- Reduce your news/social media exposure. With frequent updates on both state and federal levels, there is absolutely no shortage of news which means there is no shortage of stressful and anxiety provoking stimuli. For myself, I don’t watch any news at all. I skim headlines and I find one or two sources of information that don’t make my skin crawl. If you were to guess on the amount of time you spend taking in mindless social media scrolling or news watching, make a goal to reduce it in a quantifiable way. Maybe you limit yourself to 15 minutes (set a timer) each day to get what you need and get off. Limiting the things that make you anxious or stressed can do worlds of good for your mindset right now.
- Purge, purge, purge. We could all take a page from a Marie Kondo style of living. There’s certainly an upside to it even if you don’t go to her extents. Purge your fridge, your pantry, your freezer, your closet, your attic, the guest room you keep saying you’ll get to, the subfolders in your email, your car, your garage, etc. If you want to sell something, sell it. If you want to throw it away, do so. Occupy your mind and your hands so you’re not thinking about the plethora of other things that might be leading to your stress levels. One thing most of us seem to have an abundance of right now is time. Use it. Wisely.
- Set a recovery/rest goal. I mentioned the abundance of time. I actually have several clients who are extremely busy right now. The pandemic has not decreased their workload, rather they are busier now than ever. In that case, and for individuals like that, I would set 1-2 days (or half days) as rest/recovery/self-care days. No work, no exercise (unless stretching is relaxing), no stressful environments. Take that time to do your nails, take a bubble bath, read a book or take a nap. Do the things you don’t normally do because you’re already busier than you can handle. Take the time to decompress.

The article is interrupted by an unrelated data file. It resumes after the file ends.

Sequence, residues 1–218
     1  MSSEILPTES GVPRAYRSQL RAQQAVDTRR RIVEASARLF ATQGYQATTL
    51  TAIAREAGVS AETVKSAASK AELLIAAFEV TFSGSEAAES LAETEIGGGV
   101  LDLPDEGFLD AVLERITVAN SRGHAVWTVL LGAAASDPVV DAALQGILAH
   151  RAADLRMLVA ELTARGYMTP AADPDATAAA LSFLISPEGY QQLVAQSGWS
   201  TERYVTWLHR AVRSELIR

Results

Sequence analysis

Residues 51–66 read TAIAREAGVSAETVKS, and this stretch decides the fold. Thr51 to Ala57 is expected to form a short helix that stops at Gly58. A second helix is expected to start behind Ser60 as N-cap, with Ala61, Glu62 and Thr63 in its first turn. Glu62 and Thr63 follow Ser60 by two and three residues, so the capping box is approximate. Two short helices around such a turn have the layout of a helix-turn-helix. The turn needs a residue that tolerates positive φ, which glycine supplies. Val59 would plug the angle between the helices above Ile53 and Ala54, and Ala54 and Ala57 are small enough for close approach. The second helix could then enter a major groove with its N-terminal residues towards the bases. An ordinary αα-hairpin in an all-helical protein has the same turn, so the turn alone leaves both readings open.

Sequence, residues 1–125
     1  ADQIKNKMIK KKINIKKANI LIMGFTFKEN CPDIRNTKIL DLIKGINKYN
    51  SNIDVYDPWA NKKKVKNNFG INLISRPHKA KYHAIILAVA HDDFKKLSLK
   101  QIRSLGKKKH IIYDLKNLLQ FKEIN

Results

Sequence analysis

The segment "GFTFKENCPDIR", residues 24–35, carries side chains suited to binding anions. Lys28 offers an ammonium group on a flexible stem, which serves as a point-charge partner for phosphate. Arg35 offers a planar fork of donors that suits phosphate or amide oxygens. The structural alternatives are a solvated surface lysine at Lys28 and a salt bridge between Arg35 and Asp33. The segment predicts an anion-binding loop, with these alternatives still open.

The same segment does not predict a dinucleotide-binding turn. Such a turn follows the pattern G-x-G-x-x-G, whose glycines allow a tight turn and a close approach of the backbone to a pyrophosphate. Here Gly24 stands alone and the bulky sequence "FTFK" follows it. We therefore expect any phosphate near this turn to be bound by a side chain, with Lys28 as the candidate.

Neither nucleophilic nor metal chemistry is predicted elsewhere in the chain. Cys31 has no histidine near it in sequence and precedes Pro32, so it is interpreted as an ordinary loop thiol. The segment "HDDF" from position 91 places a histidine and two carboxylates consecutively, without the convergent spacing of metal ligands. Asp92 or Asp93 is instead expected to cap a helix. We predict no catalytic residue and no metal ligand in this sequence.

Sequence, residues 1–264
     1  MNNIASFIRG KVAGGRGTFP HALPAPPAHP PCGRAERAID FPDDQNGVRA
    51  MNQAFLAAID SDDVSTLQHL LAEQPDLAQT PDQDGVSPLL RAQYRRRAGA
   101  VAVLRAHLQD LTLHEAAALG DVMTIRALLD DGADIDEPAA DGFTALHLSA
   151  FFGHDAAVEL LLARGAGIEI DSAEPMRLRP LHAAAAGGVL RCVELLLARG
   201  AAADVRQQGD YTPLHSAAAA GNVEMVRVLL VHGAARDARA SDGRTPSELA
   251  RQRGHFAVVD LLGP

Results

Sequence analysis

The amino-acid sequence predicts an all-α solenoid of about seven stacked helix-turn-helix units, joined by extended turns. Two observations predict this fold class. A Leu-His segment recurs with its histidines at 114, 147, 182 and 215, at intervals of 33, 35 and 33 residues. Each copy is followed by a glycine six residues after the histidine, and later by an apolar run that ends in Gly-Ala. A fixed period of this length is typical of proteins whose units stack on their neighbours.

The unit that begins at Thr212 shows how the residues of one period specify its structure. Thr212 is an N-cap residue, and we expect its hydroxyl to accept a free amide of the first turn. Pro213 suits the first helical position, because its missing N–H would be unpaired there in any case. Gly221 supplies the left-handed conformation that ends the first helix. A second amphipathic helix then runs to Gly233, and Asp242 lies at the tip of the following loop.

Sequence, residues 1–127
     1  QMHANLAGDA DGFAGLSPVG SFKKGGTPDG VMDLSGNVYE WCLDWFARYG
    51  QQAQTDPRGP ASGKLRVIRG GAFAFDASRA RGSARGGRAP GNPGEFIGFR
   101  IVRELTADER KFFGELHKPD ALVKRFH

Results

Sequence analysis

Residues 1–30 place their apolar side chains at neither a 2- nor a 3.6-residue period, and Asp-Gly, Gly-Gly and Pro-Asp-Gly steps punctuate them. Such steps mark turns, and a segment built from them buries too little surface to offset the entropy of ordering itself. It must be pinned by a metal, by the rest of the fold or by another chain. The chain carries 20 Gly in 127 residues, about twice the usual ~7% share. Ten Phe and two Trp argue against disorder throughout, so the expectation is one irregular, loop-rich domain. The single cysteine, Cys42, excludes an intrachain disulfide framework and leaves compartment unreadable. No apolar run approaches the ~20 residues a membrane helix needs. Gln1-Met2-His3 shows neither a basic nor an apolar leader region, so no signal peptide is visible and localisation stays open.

- Slow your pace. This is one that affects me personally. I have always been a painfully fast eater. It stems back to the years I spent in retail when I wasn’t sure I would get a proper break and I would spend 5 minutes standing and wolfing food down as fast as possible. I haven’t worked in retail in 12 years and I still have an issue with this. Over this past weekend, despite always knowing better, I practiced putting my fork down in between bites. I actually spent time chewing and tasting and smelling and just experiencing food rather than inhaling and swallowing faster than my system could catch up with me. The added bonus for those who need it? This can be a fantastic way to cut back on calories consumed because your body can register fullness better. Make a goal of slowing your eating pace down each day. Don’t eat in front of screens (TV or phone) if you can help it.
- Set a goal for gratitude. No matter how this pandemic has affected you, if you’re reading this blog right now, chances are you have things pretty good: a roof over your head, food to eat, internet to use, and a life worth being grateful for. Write down daily the things you’re thankful for. Refer back to them as often as possible. Many of us are aware, especially now, that others are in a more dire position than we are. Be grateful for what you have, how you have it and why it matters.
Below is a shot taken of our clients well before the virus hit. Ending this blog with a note on gratitude, I know I’m thankful we still get to train these folks virtually. We are all working with similar degrees of “less than ideal.” We’ll come out of this better for it.
(L to R: Brandon, Kelvin, Jean, Adam, Charlie, Eric and Anthony)
“We Make Great People Greater”